• Neutropenia - <1,000 per mm3 = increased risk of infection: calculate an ANC!
• Thrombocytopenia - <50,000 per mm3 = increased risk of bleeding.
• Anemia - decreased oxygen carrying capacity
• Damage to fetus & germinal tissues in ovaries & testes
: manufactured antibody designed to target specific receptors, enzymes or growth factors involved with tumor growth, development or cell type. Types include chimeric, humanized and fully human antibodies. Suffixes in generic name indicate which type: chimeric = "-ximab", humanized = "-zumab", fully human = "-umab".
Monoclonal Antibodies; Agents
Bevacizumab (Avastin): IV; angiogenesis inhibitor: binds to vascular endothelial growth factor. Toxicity: GI perforation, impaired wound healing, pulmonary hemorrhage, thromboembolism, hypertensive crisis
Rituximab (Rituxan): IV; binds to CD20 receptor found on > 90% of B cells. Toxicity: Transfusion reactions, tumorlysis syndrome, mucocutaneous reactions, hypersensitivity, leukopenia, thrombocytopenia, neutropenia
Cetuximab (Erbitux): IV; binds to human epidermal growth factor. Toxicity: Neuropathy, rash, infection
Trastuzumab (Herceptin): IV; binds to human epidermal growth factor receptor 2. Toxicity: Cardiovascular, pain, neuropathy
Ranibizumab (Lucentis): IV; angiogenesis inhibitor, vascular endothelial growth factor inhibitor. Toxicity: Transfusion reactions, embolic events
used to treat childhood ALL. Derived from Escherichia coli or Erwinia chrysanthemi. An ALL cell cannot synthesize L-asparagine because they lack the enzyme. Asparaginase hydrolyzes L-asparagine in the circulation depriving the tumor cells of this essential nutrient. Most other cells in the body can synthsize L-asparagine from other amino acids.
Immunomodulatory Derivative of Thalidomides (IMiDs):
inhibit angiogenesis, inhibit tumor necrosis factor-alpha (TNF-α), reduce phagocytosis by neutrophils, increases production IL-10, enhances T-cell mediated interactions, and has anti-inflammatory properties. Some of the derivatives are more potent. Thalidomide or derivatives are used in the treatment of multiple myeloma are being studied in a number of other cancers. Needless to say: DO NOT GIVE TO PREGNANT WOMEN!!
Acute lymphoblastic leukemia (ALL):
most common form of childhood leukemia. Prognosis is relatively good: over 90% of children enter complete remission. Typical therapy frequently includes vincristine, prednisone, doxorubicin, and aspariginase. Leukemic cells often migrate to sanctuary sites located in the brain and testes. Intrathecal methotrexate is usually included to cover those cells.
Acute myelogenous leukemia (AML):
most common form of adult leukemia. Complete remission rate of 70% is experienced. Typical therapy includes cytarabine and idarubicin and supportive measures such as granulocyte colony-stimulating factor filgrastim. Adults < 55 years can be considered for allogeneic bone marrow transplantation if a suitable HLA-matched donor is available. Cure rates are up to 35-40% in these patients. Patients over age 60 years respond less well to the aggressive chemotherapy and and whole body radiation in transplantation with higher infection rates.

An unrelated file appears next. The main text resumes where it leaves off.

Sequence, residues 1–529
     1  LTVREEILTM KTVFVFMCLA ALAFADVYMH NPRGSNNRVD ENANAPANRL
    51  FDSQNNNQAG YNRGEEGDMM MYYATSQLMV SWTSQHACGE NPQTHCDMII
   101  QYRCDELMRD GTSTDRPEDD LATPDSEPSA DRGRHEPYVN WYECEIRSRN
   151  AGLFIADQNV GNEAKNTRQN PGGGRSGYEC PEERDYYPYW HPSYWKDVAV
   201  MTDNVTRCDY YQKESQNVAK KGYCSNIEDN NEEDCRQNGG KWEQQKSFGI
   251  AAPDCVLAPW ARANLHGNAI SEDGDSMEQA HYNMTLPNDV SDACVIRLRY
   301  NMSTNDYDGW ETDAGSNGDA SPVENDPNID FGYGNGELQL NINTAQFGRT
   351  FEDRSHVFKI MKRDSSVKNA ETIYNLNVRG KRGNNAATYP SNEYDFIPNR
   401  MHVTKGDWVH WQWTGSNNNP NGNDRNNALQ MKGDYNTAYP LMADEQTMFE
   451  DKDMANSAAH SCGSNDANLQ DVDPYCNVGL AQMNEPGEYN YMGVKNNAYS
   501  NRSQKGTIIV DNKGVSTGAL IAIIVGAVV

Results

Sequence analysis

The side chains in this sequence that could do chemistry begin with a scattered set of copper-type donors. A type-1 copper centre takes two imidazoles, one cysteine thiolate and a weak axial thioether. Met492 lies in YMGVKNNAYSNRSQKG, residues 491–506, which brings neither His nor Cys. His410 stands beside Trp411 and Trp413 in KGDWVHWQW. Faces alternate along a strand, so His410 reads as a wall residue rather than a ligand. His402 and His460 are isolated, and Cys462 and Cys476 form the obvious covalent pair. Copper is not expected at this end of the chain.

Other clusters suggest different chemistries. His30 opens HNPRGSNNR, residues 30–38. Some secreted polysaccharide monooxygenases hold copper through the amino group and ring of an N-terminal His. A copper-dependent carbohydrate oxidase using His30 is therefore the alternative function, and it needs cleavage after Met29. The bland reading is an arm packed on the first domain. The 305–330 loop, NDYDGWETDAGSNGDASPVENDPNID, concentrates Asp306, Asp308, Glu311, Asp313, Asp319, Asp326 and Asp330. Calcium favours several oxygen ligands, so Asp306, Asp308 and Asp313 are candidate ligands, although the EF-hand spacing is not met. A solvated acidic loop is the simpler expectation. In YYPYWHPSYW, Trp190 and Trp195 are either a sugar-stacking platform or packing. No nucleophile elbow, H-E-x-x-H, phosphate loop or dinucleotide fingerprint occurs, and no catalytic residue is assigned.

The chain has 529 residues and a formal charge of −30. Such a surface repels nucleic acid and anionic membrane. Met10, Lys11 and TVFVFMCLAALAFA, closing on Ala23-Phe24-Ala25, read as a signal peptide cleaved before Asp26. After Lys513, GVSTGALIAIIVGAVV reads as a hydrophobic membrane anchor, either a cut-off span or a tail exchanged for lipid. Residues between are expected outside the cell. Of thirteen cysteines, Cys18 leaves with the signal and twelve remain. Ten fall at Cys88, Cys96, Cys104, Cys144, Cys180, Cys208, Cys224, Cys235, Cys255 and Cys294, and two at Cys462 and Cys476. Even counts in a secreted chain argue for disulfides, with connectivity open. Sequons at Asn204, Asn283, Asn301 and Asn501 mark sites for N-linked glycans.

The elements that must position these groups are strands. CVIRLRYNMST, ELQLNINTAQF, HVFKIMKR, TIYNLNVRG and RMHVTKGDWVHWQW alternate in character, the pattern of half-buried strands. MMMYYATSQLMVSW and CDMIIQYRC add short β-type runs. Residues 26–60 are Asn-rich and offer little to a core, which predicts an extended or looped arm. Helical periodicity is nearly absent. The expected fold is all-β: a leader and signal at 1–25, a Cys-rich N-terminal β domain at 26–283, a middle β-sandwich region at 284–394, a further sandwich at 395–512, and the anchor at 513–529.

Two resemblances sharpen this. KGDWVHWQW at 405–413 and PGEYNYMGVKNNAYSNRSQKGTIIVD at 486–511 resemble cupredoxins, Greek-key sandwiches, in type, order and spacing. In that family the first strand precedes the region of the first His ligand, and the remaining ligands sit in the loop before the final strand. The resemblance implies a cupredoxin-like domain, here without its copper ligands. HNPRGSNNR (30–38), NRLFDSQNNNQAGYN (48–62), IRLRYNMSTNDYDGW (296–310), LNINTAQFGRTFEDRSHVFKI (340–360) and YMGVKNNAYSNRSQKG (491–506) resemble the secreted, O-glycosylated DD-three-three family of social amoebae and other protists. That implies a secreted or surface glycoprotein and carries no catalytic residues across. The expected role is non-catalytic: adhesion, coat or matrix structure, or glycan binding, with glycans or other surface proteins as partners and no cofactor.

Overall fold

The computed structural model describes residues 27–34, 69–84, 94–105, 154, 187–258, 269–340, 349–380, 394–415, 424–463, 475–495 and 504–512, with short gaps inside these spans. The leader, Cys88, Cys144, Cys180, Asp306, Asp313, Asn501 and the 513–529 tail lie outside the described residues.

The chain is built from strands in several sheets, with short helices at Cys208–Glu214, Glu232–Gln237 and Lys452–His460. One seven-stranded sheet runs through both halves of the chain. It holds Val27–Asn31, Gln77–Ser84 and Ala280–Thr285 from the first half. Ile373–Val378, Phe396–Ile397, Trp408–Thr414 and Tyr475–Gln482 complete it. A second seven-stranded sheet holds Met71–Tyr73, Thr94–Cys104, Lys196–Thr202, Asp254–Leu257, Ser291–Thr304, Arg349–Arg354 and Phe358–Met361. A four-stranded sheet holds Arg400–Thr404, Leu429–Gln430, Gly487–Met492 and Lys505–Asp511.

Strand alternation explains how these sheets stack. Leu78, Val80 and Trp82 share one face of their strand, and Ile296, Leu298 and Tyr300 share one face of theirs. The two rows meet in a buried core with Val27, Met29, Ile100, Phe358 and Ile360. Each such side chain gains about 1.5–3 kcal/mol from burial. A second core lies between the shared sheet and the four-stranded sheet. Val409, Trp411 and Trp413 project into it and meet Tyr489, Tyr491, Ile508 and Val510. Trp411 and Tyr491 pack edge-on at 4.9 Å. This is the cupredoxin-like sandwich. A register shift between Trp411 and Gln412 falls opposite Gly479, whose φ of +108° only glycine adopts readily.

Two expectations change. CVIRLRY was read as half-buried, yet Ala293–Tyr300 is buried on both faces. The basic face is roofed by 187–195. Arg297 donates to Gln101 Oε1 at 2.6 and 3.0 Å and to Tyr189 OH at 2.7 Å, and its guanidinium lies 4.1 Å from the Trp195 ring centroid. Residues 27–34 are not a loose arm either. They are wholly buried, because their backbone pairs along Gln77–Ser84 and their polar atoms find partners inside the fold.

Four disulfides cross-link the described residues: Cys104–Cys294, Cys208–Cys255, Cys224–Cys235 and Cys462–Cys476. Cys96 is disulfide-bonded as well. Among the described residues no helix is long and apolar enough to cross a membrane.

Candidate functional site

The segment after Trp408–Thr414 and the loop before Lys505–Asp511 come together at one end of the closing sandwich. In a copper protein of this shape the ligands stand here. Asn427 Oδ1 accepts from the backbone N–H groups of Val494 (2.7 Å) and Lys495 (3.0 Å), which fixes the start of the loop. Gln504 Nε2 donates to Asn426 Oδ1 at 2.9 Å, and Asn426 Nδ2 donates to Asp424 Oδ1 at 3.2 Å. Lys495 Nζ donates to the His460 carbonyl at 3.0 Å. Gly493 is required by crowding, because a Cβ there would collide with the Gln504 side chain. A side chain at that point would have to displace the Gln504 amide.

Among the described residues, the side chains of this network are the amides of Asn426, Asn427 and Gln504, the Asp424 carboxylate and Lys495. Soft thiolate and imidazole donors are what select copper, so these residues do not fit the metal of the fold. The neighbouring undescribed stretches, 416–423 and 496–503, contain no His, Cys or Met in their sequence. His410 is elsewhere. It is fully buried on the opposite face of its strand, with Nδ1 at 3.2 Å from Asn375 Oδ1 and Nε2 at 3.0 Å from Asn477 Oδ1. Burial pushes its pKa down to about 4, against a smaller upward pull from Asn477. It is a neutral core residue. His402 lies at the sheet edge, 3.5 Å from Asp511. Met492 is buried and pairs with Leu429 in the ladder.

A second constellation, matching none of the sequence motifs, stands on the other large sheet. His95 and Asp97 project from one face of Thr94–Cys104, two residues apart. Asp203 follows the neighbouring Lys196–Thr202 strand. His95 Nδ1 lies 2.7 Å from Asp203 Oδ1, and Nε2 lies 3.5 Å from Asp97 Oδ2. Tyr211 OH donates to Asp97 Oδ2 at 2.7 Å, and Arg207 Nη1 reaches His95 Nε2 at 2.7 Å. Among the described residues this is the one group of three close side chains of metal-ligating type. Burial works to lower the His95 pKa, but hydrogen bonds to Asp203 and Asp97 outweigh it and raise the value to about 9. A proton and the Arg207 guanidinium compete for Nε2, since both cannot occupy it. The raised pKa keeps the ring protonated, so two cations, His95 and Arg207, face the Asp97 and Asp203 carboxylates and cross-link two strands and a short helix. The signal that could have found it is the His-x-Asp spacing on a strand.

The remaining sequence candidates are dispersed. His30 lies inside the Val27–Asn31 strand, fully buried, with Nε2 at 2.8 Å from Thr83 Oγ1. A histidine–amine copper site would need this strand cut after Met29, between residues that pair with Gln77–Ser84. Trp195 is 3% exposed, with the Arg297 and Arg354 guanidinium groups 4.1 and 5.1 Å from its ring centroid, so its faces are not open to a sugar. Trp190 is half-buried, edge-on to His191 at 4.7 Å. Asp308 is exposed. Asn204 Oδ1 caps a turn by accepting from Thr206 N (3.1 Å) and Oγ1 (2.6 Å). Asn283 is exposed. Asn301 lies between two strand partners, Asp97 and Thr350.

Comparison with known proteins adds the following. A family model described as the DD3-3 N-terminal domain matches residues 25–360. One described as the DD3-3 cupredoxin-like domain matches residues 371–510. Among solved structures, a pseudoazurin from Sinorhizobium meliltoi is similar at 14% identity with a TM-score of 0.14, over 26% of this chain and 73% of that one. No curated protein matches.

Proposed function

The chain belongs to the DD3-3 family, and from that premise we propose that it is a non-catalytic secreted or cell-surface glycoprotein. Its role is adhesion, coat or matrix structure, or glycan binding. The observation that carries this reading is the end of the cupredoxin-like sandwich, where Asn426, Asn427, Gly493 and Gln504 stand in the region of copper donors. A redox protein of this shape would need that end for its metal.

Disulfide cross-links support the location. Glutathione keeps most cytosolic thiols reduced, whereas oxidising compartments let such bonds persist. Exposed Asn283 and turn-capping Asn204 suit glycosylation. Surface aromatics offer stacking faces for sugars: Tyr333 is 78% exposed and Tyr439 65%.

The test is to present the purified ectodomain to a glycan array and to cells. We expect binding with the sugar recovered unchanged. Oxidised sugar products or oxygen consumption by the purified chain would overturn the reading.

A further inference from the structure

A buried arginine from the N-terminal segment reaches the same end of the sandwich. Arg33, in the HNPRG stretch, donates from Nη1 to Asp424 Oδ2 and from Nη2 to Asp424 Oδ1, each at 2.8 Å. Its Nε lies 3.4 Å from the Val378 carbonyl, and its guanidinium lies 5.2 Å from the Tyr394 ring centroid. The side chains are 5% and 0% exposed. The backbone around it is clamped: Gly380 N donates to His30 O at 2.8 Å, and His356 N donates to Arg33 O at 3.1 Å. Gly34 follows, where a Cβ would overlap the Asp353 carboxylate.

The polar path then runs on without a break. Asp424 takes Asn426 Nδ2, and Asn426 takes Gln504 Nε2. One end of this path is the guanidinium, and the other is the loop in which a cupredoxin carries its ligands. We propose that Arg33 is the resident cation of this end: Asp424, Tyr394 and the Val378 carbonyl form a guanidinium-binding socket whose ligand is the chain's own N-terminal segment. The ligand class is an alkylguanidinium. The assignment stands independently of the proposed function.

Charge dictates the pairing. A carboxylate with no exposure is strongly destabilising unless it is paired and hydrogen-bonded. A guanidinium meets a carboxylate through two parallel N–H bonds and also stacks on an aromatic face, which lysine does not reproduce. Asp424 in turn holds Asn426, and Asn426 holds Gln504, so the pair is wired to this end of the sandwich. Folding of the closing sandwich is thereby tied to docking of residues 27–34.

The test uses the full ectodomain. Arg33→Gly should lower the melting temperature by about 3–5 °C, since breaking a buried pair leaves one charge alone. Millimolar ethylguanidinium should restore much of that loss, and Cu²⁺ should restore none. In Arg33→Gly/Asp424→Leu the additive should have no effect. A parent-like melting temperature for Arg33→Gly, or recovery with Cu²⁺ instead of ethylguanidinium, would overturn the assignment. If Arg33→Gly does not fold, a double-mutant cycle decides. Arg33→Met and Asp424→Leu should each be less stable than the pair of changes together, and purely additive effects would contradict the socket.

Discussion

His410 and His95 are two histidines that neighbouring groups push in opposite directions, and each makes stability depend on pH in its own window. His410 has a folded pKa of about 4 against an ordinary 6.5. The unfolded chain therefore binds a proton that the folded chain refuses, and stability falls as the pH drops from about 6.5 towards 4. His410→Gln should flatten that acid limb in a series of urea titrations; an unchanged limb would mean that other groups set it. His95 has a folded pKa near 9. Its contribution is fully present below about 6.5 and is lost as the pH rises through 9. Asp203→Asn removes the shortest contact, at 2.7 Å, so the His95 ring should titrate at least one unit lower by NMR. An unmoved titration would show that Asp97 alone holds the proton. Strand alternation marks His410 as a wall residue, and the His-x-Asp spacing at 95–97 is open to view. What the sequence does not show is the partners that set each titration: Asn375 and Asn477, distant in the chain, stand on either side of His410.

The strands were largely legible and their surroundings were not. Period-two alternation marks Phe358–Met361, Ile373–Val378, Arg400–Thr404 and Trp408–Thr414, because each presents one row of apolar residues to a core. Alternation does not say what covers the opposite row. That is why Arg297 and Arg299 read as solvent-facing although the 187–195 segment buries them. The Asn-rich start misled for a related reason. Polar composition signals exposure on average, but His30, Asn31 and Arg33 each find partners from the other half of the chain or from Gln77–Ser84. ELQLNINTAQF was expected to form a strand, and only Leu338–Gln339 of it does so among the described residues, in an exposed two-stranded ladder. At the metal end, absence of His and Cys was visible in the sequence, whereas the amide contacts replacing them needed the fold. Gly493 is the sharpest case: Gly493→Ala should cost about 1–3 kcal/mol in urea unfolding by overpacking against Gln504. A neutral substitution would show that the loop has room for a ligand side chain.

Chronic myelogenous leukemia (CML):
comes from a chromosomally abnormal hematopoietic stem cell. White cell counts > 50,000 are treated with the goal of reducing granulocytes to normal levels and raising hemoglobin concentration levels to normal. Cure is not a goal. Typical first line treatment includes the tyrosine kinase inhibitor imatinib. Other treatment options include interferon-α, busulfan and hydroxyurea.
Chronic lymphocytic leukemia (CLL):
Patients with early-stage CLL have a relatively good prognosis, but therapy does not change the course of the disease. Where there is high-risk disease or the presence of disease-related symptoms, treatment is indicated. Chlorambucil and cyclophosphamide are the two most widely used alkylating agents for this disease. COP and CHOP are also used. In treatment refractory disease, monoclonal antibodies rituximab (CD20) and alemtuzumab (CD52) are used.
is a B-cell lymphoma with Reed-Sternberg cells that have rearranged VH genes. Up to 80% of tumor specimens have the Eptein-Barr virus genome. Staging drives therapy. Stage I and IIa are usually treated with radiation therapy. Advanced stage III an IV are now treated with ABVD with complete response rates of 80-90% and cure rates of up to 50-60%.
is a heterogenous lymphoma and the clinical characteristics are related to the cell type (histopathlogic) and the extent of disease involvement. Nodular lymphomas have a better prognosis than diffuse lymphomas: median survival 7 years vs. 1-2 years prior to the advent of rituxan. Standard treatment for diffuse disease is CHOP-R and supportive therapies to improved nadir recovery rates. Some advance stage nodular forms are considered incurable and treatment is palliative. Often watchfull waiting is excercised.